(Not being raised together could help explain sibling-incest marriages too.)

    Also, Charles II ordered that his brother’s children be raised Protestant, unlike James. Interesting family dynamics there.

    Down-home monarchs from fiction:

    Aragorn “Strider” Telcontar. Probably ruled as a decently high-class monarch, but made a pun out of his reign name because like his friend Bilbo, Aragorn is a troll.

    Various kings of the Twelve Kingdoms. They’re literally chosen by God, via the kirin of the kingdom, including getting un-chosen if they’re sufficiently incompetent, so they can usually get away with being mucky.

    Baron Klaus Wulfenbach, Super Spark Tyrant of Europa. He seemed to deliberately refuse to play legitimacy games, relying on force majeure.

    Torisen Black Lord, Highlord of the Kencyrath, who wears simple black clothes and helps with the hay harvest. Half-raised by barracks soldiers and uncomfortable with his divinely appointed position of superiority, which *is* a divinely appointed position of superiority, would you like to challenge him and risk your neck in the Royal Torc of Decapitation? No?

    Aerin Dragon-slayer. Well, half-foreign and she was just a princess anyway.

    Tolkien elves: “They stood up to greet their guests, after the manner of Elves, even those who were accounted mighty kings.” Well, elves are better than us. Also I feel elven kingship is more like being elected club president, where you’re usually thankful anyone even bothered running to do the job.

    • Separate households were totally common, yeah. I mean, the queen might well have her own household; whether or not she was involved in raising her children could depend on her personal inclinations. But the father, almost never.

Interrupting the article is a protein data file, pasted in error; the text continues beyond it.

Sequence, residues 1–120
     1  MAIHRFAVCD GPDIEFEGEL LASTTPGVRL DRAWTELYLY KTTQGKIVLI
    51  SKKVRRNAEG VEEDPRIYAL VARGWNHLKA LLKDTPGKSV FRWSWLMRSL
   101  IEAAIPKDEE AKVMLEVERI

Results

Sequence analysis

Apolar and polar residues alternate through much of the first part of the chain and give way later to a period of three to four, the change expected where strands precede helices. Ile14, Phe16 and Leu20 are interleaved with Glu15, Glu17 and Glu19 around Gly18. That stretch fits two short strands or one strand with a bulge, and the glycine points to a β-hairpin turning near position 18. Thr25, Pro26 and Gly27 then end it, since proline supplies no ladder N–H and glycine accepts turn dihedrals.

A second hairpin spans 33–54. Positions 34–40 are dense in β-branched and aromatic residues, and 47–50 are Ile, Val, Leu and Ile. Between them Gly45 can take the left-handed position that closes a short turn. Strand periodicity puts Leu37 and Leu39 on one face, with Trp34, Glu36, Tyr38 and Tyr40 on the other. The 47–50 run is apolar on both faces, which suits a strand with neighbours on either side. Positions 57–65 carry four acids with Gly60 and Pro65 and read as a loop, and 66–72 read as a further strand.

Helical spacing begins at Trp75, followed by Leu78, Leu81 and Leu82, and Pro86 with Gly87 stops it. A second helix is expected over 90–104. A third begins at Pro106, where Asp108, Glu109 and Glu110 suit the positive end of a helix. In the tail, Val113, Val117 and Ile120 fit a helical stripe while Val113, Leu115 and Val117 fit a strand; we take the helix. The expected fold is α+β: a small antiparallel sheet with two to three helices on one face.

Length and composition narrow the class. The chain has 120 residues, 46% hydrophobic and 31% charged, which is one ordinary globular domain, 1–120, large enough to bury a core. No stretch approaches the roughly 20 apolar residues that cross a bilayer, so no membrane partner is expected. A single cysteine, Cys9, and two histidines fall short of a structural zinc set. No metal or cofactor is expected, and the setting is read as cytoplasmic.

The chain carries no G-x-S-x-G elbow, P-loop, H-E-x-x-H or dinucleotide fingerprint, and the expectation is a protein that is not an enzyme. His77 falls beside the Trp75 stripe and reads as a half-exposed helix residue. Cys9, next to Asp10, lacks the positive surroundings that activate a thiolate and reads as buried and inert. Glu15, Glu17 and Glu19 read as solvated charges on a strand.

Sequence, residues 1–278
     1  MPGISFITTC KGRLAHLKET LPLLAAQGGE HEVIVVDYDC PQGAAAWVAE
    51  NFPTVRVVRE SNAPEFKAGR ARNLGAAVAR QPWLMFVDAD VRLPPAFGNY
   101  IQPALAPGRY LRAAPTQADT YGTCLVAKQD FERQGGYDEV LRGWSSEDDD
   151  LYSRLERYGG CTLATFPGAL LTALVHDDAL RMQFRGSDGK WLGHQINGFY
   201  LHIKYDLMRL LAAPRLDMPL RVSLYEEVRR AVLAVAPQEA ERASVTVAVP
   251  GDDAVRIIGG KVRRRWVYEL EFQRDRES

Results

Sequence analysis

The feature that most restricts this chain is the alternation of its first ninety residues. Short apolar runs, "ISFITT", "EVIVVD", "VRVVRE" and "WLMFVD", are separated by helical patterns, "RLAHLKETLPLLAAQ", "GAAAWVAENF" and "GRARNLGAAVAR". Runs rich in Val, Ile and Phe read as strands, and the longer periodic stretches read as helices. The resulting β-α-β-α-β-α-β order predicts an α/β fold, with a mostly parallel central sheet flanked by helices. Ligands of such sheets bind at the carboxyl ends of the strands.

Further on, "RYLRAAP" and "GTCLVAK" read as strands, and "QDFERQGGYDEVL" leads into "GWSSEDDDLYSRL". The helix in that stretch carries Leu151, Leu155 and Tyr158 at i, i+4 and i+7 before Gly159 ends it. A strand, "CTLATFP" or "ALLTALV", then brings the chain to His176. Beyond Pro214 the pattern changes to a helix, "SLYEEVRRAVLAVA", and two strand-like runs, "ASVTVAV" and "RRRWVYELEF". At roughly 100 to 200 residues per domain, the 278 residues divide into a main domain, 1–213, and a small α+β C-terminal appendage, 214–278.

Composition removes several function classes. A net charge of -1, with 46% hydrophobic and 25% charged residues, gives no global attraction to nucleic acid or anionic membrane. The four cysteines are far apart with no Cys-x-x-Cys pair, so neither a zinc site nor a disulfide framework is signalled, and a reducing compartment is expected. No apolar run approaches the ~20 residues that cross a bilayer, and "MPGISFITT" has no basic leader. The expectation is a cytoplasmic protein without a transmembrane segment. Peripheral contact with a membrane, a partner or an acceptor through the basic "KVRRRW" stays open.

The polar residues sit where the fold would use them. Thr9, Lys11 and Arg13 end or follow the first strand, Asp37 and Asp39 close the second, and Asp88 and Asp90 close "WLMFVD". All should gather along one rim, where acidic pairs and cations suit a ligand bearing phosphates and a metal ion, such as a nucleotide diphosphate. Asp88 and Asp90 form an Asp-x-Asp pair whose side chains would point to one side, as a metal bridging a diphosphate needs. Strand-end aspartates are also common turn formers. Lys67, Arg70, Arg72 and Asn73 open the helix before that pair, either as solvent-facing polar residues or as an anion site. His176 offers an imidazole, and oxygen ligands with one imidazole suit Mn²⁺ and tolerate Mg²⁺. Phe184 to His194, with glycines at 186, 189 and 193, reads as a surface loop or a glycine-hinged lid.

Also, Charles II ordered that his brother’s children be raised Protestant, unlike James. Interesting family dynamics there.

      Probably less family dynamics than political forces at work. Parliament did NOT like the idea of a Catholic monarch (though Charles II himself got accused of being crypto-Catholic) — witness the Glorious Revolution not much later.

      would you like to challenge him and risk your neck in the Royal Torc of Decapitation? No?

      Ahahah — okay, I will grant that if there’s something like that backing your rule, maybe you don’t need all the pomp and circumstance. 🙂

      Also I feel elven kingship is more like being elected club president, where you’re usually thankful anyone even bothered running to do the job.

      Yeah, probably.

  6. I get the politics. Still *weird* for a possibly-Catholic king to have his Catholic brother’s kids raised Protestant…

    “Ahahah — okay, I will grant that if there’s something like that backing your rule, maybe you don’t need all the pomp and circumstance. ?”

    Heh, yeah. The Kencyrath has other things going on, being well outside baseline human envelopes in magic/psychic stuff and almost genetic inability to lie (if a Kencyr claims to be the long-lost heir, he’s probably telling the truth), but snicker-snack was particularly dramatic.